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Resistance Growing to Iraq Occupation

by Mick Kelly and Trish Kanous |
September 1, 2003
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Iraq occupation
US Occupation Troops in Iraq (Fight Back! News/Staff)

In the face of a growing Iraqi resistance movement, the plans of the Bush administration to consolidate the occupation of Iraq are crumbling. The Pentagon acknowledges that attacks on the occupation forces are growing in scale and intensity. U.S. attempts to gain more military and financial support, within and outside of the United Nations, have by and large failed. So have efforts to create a viable Iraqi puppet government. The Governing Council, made up of U.S. appointees, has little legitimacy in the eyes of the Iraqi people or in the region as a whole.

$87 Billion

Bush wants to place the financial burden of the illegal occupation on the backs of workers here in the U.S., so he asked congress to ante up an additional $87 billion. $67 billion of that is earmarked for the continued military build-up in Iraq and Afghanistan, where the resistance to occupation is also expanding.

The remaining $20 billion will be used to create a better climate for foreign corporate investment and a few public relations projects aimed at making the occupation forces seem less oppressive. The problem with U.S. attempts to purchase some ‘stability’ is that one can’t fire on demonstrators in the streets of Baghdad, and then convince the wounded that they should be grateful for reopened hospitals – especially since Iraqis know that U.S.-backed sanctions and military action were responsible for destroying what was one of the best healthcare systems in the region.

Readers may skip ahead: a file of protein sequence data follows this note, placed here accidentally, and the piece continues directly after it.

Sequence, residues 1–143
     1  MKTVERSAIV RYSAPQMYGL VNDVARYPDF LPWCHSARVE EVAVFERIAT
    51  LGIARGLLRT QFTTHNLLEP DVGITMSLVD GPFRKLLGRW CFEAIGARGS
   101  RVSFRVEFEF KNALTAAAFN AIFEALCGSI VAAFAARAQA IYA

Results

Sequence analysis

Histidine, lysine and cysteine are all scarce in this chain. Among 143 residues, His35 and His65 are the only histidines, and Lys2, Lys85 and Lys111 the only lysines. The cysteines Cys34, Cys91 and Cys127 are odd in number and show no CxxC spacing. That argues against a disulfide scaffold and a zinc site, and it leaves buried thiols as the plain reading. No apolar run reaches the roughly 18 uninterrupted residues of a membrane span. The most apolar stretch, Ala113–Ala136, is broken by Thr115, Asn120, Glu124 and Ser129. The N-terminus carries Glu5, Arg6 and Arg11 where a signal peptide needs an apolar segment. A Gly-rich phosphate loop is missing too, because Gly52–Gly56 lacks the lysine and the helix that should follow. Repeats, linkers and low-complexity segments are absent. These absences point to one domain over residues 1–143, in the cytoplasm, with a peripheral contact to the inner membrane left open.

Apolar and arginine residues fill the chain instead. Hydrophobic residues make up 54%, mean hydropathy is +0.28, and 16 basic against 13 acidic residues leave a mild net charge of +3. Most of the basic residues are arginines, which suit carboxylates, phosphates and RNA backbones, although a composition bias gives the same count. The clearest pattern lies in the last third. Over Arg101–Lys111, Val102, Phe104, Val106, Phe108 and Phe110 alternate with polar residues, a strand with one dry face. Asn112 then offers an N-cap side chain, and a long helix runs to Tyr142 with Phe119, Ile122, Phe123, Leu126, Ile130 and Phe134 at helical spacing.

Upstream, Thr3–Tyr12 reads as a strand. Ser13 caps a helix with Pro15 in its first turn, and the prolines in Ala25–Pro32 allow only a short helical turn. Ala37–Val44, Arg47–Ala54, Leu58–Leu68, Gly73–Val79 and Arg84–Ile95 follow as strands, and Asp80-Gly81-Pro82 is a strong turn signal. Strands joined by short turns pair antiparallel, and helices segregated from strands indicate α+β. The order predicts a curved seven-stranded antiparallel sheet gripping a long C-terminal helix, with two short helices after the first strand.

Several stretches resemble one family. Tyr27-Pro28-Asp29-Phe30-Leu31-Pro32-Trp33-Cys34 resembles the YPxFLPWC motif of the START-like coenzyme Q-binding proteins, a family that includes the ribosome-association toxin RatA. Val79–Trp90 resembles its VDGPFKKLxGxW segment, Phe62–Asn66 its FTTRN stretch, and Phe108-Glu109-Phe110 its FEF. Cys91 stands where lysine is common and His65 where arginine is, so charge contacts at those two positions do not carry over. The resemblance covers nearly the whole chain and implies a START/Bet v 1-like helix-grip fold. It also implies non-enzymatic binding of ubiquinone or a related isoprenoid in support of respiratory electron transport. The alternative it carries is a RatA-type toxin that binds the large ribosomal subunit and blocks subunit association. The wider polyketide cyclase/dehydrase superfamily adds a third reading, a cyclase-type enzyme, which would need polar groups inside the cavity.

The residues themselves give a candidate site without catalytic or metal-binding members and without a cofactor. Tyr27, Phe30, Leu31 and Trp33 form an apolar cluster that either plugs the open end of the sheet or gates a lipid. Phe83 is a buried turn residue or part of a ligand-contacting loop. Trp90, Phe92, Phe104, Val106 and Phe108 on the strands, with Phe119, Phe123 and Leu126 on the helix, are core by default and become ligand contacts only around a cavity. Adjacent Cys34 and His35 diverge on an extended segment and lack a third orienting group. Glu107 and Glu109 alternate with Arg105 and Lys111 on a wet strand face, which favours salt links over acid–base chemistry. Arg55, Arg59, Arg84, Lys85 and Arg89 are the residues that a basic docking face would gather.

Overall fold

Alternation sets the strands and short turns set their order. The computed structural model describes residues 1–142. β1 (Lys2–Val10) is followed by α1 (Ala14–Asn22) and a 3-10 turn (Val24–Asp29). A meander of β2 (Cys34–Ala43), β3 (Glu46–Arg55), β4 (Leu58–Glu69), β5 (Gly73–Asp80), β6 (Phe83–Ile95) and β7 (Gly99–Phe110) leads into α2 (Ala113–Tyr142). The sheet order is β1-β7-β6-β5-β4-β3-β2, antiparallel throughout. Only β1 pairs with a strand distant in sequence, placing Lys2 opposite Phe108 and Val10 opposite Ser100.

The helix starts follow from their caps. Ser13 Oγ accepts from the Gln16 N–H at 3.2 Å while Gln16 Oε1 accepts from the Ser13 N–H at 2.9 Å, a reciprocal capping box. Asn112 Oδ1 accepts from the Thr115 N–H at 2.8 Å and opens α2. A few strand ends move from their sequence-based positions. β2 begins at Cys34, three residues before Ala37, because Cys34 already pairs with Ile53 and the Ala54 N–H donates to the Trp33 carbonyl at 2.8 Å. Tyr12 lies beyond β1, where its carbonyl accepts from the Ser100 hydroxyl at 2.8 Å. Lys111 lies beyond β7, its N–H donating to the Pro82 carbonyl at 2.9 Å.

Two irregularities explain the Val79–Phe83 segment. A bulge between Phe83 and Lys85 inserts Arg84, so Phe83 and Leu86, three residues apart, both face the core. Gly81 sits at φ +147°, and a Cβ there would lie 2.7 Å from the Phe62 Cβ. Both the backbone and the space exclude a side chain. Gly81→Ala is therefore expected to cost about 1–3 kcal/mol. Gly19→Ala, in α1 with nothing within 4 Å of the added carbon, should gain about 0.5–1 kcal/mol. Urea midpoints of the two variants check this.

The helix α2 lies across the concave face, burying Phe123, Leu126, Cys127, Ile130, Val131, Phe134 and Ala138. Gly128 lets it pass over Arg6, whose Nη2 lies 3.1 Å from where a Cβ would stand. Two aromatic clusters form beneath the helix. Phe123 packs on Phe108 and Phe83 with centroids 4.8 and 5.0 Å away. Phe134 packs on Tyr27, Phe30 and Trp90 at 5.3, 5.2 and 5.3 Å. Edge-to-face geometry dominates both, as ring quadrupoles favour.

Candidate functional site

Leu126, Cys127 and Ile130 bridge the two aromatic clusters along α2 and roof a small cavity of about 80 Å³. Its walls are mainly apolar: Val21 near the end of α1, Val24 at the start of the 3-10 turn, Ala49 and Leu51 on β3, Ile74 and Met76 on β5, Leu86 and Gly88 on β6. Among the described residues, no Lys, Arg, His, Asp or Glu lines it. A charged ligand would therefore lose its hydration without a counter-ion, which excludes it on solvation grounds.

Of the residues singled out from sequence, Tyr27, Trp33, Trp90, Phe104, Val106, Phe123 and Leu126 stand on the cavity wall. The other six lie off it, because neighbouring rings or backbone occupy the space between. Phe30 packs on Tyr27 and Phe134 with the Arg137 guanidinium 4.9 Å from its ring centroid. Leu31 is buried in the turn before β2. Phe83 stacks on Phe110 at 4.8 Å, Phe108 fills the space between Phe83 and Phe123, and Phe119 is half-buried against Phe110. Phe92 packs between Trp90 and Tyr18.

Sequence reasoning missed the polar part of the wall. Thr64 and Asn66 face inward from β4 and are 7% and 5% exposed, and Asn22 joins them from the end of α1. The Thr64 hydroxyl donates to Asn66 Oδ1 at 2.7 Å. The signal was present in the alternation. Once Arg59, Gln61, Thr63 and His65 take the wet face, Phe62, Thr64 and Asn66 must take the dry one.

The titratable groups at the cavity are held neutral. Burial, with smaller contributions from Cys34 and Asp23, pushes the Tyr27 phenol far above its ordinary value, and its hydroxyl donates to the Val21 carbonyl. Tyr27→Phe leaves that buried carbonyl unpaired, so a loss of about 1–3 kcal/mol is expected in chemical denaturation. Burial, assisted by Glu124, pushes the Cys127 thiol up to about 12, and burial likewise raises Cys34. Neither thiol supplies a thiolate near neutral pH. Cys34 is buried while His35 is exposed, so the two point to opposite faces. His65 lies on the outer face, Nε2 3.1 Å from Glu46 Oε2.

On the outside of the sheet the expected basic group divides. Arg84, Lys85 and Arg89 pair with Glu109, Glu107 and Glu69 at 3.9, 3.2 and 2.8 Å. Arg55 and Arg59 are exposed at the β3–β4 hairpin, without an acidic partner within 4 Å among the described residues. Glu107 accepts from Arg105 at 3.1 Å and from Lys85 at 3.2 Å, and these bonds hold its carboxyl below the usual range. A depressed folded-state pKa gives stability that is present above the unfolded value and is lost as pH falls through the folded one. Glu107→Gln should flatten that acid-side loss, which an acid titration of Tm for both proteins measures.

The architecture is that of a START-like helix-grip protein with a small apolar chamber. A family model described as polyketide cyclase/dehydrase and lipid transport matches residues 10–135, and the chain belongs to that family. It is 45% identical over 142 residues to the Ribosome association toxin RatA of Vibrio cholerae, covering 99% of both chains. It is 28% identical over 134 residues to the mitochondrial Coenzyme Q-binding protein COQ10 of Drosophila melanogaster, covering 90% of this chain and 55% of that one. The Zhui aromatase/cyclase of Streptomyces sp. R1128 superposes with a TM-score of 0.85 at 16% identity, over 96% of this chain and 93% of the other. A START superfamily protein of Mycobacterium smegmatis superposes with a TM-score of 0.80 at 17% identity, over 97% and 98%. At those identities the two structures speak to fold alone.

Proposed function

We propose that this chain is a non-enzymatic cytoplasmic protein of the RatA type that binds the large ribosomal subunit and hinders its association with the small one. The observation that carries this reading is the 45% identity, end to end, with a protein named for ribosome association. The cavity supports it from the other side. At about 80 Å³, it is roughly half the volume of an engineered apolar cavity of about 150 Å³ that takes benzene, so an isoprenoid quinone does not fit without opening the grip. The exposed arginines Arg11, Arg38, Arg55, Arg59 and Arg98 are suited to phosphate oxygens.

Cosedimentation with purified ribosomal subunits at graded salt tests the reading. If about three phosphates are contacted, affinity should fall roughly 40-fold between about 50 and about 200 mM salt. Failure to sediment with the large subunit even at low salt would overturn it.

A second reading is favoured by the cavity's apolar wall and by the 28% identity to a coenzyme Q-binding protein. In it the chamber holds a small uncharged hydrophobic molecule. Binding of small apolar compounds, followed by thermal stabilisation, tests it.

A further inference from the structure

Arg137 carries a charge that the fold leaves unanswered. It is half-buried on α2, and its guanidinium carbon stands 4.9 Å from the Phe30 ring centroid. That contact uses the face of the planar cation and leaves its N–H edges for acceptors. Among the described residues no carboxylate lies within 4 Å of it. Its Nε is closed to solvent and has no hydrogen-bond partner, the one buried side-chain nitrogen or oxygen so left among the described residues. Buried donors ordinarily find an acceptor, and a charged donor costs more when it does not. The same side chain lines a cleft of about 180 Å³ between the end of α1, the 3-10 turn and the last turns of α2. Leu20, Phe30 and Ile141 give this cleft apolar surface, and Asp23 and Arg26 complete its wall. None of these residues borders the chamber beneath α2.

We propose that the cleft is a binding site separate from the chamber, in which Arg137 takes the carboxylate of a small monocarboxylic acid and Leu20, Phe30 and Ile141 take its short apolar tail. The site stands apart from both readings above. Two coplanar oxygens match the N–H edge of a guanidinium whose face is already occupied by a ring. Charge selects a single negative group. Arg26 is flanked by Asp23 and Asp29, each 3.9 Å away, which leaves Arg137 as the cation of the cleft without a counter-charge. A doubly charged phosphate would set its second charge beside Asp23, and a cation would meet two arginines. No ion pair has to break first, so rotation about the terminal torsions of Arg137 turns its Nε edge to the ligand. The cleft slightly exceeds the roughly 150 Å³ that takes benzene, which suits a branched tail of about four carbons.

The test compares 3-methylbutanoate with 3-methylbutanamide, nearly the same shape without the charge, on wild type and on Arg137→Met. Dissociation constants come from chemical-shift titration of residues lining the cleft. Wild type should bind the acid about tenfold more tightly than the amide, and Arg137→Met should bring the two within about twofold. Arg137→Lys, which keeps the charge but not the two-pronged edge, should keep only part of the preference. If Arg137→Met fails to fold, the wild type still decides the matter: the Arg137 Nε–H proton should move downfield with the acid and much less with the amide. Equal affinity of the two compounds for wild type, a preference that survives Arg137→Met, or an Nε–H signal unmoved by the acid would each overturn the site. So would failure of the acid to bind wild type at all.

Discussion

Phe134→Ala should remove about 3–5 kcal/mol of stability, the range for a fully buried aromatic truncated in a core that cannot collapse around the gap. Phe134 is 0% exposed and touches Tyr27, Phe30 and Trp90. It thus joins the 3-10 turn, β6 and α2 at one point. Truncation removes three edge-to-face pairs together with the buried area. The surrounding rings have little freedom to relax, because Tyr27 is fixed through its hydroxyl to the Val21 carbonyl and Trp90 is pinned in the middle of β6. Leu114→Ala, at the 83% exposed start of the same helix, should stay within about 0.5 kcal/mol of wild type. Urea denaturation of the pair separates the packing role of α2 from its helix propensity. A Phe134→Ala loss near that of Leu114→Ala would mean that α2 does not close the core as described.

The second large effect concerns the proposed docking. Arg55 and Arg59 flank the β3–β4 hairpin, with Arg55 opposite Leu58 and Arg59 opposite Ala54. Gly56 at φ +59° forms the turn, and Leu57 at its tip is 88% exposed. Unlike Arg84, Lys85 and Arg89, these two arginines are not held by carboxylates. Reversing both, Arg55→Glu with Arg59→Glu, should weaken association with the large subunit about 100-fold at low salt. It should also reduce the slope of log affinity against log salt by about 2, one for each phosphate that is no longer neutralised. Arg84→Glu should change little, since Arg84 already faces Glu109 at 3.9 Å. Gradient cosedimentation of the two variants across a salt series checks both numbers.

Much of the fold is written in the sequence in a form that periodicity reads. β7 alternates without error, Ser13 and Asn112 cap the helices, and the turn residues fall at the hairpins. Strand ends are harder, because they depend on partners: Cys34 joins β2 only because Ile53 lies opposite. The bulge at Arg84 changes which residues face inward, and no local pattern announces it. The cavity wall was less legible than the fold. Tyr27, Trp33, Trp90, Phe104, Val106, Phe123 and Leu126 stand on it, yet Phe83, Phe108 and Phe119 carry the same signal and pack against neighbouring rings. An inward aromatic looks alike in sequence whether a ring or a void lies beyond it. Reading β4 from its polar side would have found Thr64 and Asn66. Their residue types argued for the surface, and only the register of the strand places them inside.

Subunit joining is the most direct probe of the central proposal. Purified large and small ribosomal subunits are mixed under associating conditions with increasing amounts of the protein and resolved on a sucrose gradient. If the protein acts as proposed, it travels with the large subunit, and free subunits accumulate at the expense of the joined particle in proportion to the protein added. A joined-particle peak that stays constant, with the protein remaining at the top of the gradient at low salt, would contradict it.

Paul Bremmer and others in Coalition Provisional Authority, the colonial administration heading up the day-to-day workings of Iraq’s occupation, imply that the costs will run much higher. Statements from Democrats in congress indicate many of them back the proposed $87 billon package. Some have taken the position that the Iraqi people should have to finance their own occupation, and that at least some portion of the package should be in the form of loans.

Making Iraq Safe for Investors

The Coalition Provisional Authority has given the green light for U.S. and other foreign corporations to take over sections of Iraq’s economy, much of which was managed by the state before the occupation. The exceptions to this edict are the politically sensitive oil and real estate sectors.

While Washington has yet to work out the specific mechanisms for U.S. corporations to take over Iraqi industry, there is a precedent in what happened after the fall of socialism in the Soviet Union and Eastern Europe. In those cases, many state industries were given to cronies of the emerging pro-western governments and then sold at fire sale prices to U.S. and European corporations.